Virginia Tech teaching assistant found "not responsible" for threatening student in Facebook post

Mark Neuhoff says evidence proved someone else posted from his account

By Rob Manch - Reporter

BLACKSBURG, Va. - All charges have been dropped against a teaching assistant at Virginia Tech following a controversial Facebook post. 

Mark Neuhoff called himself a "white supremacist" in that post back in August. A student then shared it, which prompted him to post again, threatening the student. Neuhoff said he didn't write the threat, and the university has now confirmed someone else posted to his profile.

On Monday, Nov. 6, a group of more than a hundred marched across Virginia Tech's drill field calling for the school to remove Neuhoff from his teaching position. He faced a number of charges including harassment and disorderly conduct, but was found not responsible by both the Virginia Tech Office of Student Conduct and the Office of Equity and Accountability. On Sunday night, he said the reaction and the disciplinary hearings that followed were all based on a misunderstanding.

It all began on Aug. 17th, when Neuhoff posted a comment on Facebook (featured above), beginning "I am a white supremacist."

"My private post where I'm responding to an innocent article by a popular conservative author shouldn't even be a story, it shouldn't matter," Neuhoff said.

But it did matter to hundreds at Virginia Tech who saw the post after it was shared.

"It's pretty much a snowball of misunderstandings that's picked up over time," Neuhoff said.

Neuhoff said he was responding to an article he read by author John Derbyshire, but when students saw it they didn't take it lightly.

"You read that and you think this guy, who's teaching at Virginia Tech, hates non-white people and wants to kill them. How horrible. Not true, that's not me," Neuhoff said.

10 News asked Neuhoff, if that's not him, what is?

"I think America has always been a majority white country, and I think it will be a concern if that changes ... many people think that itself is racist. That's fine. I mean, I don't think that's racist," Neuhoff said.

Virginia Tech didn't see it as hate speech either. In early October, university president Timothy Sands initially responded to the post, saying, "Our Principles of Community reject all forms of prejudice and discrimination and value human diversity. Yet, our Principles of Community and the U.S. Constitution also recognize the importance of free expression."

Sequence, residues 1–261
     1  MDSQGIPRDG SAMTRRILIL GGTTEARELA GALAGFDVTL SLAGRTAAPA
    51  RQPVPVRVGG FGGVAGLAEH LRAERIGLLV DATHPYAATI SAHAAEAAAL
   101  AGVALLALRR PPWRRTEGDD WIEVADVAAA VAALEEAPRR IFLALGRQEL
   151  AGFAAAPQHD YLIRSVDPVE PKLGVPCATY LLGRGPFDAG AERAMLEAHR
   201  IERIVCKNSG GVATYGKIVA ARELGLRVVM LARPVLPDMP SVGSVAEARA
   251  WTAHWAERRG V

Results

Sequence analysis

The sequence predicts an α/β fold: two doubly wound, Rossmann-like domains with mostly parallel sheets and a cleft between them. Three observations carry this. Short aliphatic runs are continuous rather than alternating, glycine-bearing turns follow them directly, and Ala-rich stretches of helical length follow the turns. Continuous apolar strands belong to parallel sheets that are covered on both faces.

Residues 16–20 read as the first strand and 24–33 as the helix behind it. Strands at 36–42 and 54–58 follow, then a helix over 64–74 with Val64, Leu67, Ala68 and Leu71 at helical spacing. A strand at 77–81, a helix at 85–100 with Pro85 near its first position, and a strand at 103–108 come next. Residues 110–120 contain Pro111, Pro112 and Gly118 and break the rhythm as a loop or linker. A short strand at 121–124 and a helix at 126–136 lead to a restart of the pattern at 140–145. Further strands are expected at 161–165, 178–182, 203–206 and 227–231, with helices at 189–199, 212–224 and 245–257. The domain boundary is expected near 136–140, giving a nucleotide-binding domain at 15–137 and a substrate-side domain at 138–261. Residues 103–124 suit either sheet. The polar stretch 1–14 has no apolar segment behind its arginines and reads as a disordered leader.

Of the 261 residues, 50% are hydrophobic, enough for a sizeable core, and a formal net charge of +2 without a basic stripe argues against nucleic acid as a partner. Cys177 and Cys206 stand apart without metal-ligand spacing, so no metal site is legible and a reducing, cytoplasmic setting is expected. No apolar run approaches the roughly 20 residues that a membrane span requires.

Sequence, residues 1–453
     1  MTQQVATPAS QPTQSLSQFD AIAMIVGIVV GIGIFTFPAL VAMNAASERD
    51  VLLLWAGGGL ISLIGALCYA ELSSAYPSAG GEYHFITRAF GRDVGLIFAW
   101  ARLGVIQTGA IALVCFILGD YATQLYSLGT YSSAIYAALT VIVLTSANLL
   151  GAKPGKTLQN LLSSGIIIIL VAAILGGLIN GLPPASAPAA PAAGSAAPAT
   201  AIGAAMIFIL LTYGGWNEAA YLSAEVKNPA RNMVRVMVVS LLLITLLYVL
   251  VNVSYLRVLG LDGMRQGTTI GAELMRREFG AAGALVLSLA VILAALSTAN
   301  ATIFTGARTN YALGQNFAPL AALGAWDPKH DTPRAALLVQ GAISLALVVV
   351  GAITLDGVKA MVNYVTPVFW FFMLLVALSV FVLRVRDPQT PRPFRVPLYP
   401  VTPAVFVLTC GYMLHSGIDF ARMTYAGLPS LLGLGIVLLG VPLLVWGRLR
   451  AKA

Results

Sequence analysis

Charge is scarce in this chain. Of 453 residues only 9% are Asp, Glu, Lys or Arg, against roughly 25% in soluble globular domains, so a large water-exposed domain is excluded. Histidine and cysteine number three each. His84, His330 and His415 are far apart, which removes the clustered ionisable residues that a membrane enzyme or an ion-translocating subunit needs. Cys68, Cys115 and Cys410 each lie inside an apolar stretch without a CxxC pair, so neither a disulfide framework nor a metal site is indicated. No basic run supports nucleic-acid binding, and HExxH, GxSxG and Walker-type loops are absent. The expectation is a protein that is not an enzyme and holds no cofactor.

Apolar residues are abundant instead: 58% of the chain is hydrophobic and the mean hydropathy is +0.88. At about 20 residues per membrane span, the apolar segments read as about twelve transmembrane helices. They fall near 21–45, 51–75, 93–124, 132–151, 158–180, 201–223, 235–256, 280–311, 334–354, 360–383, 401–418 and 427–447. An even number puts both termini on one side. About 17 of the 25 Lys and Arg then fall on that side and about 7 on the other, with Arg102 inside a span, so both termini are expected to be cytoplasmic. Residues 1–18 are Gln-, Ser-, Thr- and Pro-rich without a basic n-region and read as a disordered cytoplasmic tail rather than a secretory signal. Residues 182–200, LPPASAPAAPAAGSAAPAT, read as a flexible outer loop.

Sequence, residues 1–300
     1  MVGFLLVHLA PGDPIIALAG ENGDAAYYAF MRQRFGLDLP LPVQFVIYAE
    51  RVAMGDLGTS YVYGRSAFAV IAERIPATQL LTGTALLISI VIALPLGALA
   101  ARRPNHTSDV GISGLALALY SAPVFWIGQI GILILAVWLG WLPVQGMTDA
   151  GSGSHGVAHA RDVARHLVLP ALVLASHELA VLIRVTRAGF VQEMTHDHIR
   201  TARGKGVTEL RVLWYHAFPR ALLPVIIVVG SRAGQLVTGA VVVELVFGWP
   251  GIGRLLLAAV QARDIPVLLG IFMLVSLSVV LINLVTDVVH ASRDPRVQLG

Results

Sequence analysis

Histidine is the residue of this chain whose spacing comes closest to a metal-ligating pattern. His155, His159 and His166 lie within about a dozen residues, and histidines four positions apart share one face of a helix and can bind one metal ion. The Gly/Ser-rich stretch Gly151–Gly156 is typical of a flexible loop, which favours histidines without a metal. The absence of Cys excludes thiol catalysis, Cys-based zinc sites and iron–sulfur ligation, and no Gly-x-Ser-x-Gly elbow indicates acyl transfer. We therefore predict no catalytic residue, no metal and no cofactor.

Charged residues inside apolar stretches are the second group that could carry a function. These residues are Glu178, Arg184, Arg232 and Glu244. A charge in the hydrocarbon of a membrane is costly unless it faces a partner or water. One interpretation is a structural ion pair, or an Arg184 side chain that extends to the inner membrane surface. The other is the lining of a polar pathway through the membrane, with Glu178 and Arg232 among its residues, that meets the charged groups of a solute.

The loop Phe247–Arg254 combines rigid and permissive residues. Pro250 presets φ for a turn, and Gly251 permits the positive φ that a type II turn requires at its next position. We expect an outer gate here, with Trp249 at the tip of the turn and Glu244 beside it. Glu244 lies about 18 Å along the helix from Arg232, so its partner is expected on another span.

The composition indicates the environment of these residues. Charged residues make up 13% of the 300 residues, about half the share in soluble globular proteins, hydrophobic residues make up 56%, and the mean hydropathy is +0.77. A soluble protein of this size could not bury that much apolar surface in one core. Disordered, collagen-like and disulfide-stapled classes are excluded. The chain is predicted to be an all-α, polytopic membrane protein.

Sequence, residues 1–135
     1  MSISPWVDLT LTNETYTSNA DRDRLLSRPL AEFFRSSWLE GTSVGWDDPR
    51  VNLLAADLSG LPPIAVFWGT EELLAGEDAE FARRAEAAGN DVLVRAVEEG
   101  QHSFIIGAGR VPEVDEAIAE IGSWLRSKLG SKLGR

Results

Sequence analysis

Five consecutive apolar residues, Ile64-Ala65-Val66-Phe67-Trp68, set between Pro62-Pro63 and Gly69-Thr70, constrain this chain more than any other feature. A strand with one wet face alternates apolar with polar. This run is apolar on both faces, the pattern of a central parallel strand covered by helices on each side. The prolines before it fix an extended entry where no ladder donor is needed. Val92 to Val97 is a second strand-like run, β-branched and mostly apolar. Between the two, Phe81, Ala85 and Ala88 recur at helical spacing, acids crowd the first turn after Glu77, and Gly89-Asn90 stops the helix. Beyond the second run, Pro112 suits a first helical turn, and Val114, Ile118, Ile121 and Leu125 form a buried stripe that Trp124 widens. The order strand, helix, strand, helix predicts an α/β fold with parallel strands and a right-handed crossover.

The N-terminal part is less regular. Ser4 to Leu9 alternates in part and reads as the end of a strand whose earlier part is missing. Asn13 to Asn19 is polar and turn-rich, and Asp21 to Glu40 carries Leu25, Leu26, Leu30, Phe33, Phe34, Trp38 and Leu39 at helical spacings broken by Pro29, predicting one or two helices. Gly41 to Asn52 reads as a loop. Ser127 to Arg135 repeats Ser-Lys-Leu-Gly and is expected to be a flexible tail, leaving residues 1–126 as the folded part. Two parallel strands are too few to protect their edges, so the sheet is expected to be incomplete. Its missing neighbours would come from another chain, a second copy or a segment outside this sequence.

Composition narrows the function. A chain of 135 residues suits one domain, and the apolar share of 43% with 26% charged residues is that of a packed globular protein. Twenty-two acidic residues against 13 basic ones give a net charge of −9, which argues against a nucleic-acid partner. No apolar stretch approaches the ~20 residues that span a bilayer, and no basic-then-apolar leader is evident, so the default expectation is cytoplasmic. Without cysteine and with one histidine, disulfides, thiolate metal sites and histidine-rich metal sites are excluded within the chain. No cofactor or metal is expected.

Furthermore, the university confirmed the threat was not sent by Neuhoff, saying, "Evidence gathered suggests that the October 2nd, 2017 Facebook post on Neuhoff's Facebook page was not actually made by Mark Neuhoff."

Although he's been absolved legally, he's still guilty according to many in the court of public opinion. 10 News asked Neuhoff what the future will hold.

"I'm still going to go to Virginia Tech, I'm still going to graduate, I'm just not going to be a teacher," Neuhoff said.

After that, Neuhoff hopes to become a technical writer, but he said just getting a job could be challenging.

"Now that this crisis seems to be being settled, how do I move forward now with my name being ruined? I'll probably have to change it, something like that," Neuhoff said.

10 News reached out to several people who took part in the march for a follow-up comment, but they declined. Students at the march expressed concern with Neuhoff staying on because of how his biases might affect students in the classroom. Neuhoff said he doesn't believe he is biased in his grading, and he said even if he was, the university has checks that would catch him.

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